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What's your story?
July 13, 2001 9:31 AM   Subscribe

What's your story? That's the question that the site EatTheseWords asks. In nature, it's quite similar to {fray}, only not as focused. Which format do you prefer--that of {fray}'s, or the more general purpose approach seen at ETW? Find any particularly interesting stories there?
posted by moz (10 comments total)

 
i thought that this story was kind of sad:

At 31, my husband had all the pieces of his life in place. We had three children. And I felt like I was going to die. He was thirty-one and I would look at him and see a fifty-four-year-old man. We divorced and I moved up to Maine to raise my children.
posted by moz at 9:35 AM on July 13, 2001


(forgot to thank magnetbox for the link...)
posted by moz at 9:39 AM on July 13, 2001


it seems more focused rather than less - the stories revolve around a specific question: the stories that came out of people's experiences with the "internet boom and bust" rather than the more varied fray stories. it's an interesting project and i'm not sure what's to be gained by asking which is better...
posted by judith at 10:31 AM on July 13, 2001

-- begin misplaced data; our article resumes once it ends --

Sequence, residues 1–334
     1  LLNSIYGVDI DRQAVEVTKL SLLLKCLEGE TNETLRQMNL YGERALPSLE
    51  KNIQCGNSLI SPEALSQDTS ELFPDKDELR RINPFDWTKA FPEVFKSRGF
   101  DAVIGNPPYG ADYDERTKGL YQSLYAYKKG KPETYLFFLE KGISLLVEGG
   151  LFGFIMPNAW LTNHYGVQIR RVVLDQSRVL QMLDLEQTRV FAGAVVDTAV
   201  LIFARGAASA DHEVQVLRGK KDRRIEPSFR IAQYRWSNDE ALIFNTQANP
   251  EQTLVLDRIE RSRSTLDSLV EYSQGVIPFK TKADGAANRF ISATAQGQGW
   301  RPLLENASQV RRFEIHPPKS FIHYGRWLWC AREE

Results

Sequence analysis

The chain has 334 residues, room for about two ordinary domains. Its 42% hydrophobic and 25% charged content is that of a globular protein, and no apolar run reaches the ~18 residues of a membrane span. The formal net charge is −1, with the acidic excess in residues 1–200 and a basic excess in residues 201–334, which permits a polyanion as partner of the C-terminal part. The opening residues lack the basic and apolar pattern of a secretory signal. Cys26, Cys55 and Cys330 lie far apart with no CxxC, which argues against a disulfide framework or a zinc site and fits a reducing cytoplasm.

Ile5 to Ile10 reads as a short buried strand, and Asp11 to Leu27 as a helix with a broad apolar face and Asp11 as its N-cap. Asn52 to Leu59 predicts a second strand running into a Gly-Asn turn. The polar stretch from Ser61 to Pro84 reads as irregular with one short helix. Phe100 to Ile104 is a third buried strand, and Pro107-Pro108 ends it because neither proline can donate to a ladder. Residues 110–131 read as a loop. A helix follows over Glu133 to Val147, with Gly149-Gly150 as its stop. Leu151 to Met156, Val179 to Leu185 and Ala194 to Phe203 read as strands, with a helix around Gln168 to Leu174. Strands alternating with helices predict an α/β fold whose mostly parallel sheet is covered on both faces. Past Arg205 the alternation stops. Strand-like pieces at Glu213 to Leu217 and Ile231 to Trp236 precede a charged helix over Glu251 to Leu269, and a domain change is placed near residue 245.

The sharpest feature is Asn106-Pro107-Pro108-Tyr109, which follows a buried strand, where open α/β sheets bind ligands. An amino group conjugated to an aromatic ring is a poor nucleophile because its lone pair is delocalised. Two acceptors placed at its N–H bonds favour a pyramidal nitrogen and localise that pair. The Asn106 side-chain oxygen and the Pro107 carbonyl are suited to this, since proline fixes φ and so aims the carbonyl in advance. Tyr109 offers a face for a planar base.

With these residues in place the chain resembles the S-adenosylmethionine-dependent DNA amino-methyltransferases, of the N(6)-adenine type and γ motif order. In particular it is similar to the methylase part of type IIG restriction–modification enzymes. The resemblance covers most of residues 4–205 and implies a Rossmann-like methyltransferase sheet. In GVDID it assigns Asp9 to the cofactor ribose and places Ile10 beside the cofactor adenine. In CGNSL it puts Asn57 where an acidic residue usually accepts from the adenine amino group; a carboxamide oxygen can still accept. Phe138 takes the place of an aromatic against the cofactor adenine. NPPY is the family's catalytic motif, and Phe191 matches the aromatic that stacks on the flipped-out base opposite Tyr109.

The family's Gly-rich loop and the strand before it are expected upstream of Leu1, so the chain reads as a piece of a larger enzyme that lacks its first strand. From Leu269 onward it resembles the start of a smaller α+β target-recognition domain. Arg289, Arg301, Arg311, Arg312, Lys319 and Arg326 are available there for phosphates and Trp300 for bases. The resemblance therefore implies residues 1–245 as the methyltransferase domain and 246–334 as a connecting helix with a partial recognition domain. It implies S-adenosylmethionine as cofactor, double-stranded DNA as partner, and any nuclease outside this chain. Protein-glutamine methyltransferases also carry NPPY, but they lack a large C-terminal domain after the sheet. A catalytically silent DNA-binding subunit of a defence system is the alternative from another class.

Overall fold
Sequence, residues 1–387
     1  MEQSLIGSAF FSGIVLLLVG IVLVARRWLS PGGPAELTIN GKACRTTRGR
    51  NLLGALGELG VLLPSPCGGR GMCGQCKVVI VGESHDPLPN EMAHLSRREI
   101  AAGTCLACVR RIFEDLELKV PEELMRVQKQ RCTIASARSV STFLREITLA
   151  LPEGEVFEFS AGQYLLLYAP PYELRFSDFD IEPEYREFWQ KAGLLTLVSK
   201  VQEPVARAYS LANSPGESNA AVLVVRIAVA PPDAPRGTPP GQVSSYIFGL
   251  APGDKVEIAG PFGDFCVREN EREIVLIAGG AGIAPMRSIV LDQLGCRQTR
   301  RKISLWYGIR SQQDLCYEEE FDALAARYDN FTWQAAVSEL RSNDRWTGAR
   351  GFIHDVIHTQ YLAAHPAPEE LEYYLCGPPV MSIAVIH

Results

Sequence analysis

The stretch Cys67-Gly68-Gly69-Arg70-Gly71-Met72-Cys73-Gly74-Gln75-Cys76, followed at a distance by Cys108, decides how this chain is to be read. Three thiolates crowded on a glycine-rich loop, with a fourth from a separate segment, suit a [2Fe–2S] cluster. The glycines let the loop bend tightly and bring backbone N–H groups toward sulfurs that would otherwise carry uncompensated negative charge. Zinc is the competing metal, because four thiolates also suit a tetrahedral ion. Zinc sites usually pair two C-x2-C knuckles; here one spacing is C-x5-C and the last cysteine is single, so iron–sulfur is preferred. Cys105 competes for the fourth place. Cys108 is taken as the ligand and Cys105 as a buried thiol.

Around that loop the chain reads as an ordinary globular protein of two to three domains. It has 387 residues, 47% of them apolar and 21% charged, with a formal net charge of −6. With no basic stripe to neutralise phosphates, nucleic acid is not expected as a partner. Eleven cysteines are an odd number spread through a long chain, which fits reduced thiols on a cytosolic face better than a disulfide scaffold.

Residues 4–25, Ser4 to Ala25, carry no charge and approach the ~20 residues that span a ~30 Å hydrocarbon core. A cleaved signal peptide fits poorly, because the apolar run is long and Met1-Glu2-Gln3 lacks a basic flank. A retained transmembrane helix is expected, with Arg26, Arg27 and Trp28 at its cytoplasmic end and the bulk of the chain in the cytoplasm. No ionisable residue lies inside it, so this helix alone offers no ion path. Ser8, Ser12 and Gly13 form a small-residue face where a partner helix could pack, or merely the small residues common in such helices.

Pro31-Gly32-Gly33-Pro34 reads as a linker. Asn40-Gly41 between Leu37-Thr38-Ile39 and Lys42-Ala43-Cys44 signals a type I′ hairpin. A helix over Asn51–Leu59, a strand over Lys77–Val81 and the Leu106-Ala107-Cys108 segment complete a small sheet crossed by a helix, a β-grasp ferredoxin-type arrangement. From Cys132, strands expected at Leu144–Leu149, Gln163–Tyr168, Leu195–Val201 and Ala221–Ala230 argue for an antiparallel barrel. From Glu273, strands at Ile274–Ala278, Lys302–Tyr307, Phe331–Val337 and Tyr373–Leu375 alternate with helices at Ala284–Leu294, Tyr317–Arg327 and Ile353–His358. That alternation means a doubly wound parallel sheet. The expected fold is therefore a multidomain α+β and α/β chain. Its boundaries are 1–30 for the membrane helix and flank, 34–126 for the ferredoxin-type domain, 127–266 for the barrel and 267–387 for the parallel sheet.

Agreed. Thanks, Judith.

I'm just happy to see someone gathering up the dotcom fallout stories. There certainly are a lot of them floating around out there right now.
posted by fraying at 10:46 AM on July 13, 2001


sorry about that, judith... i didn't read so carefully, as is apparent.
posted by moz at 11:06 AM on July 13, 2001


hey, no problem. thanks for posting the link moz, it's an interesting site.
posted by judith at 11:22 AM on July 13, 2001


not to dominate the whole board here, but...

i find the whole state of the IT market right now pretty ironic. i just graduated in may, and all throughout college people were telling me that i was going to be so rich, and land a great job right away, and all this crap. and now i'm scrambling just to land a tech support job.

i'm not even bitter about that. i'll take anything i can get--anything to get my foot in the door, at this point. though i would much rather take a job where i could specialize in programming, i'm glad to be given any kind of opportunity. i don't think of myself as being a particularly arrogant sort of person, but even so the state of the market today has made me feel incredibly humble...
posted by moz at 12:56 PM on July 13, 2001


I prefer (fray's) approach. More interesting to a guy like me.
Moz, things happen in cycles. If you have the mad skillz, work hard and keep an eye out for opportunity, you'll be alright...Good luck!
posted by black8 at 1:51 PM on July 13, 2001


I like that top story about the woman who left NASA, survived layoffs at Altavista to take a job at Google where "things are just and sane." Nicely put.
posted by rschram at 3:34 PM on July 13, 2001


man... eveyone loves google.
posted by lotsofno at 5:12 PM on July 13, 2001


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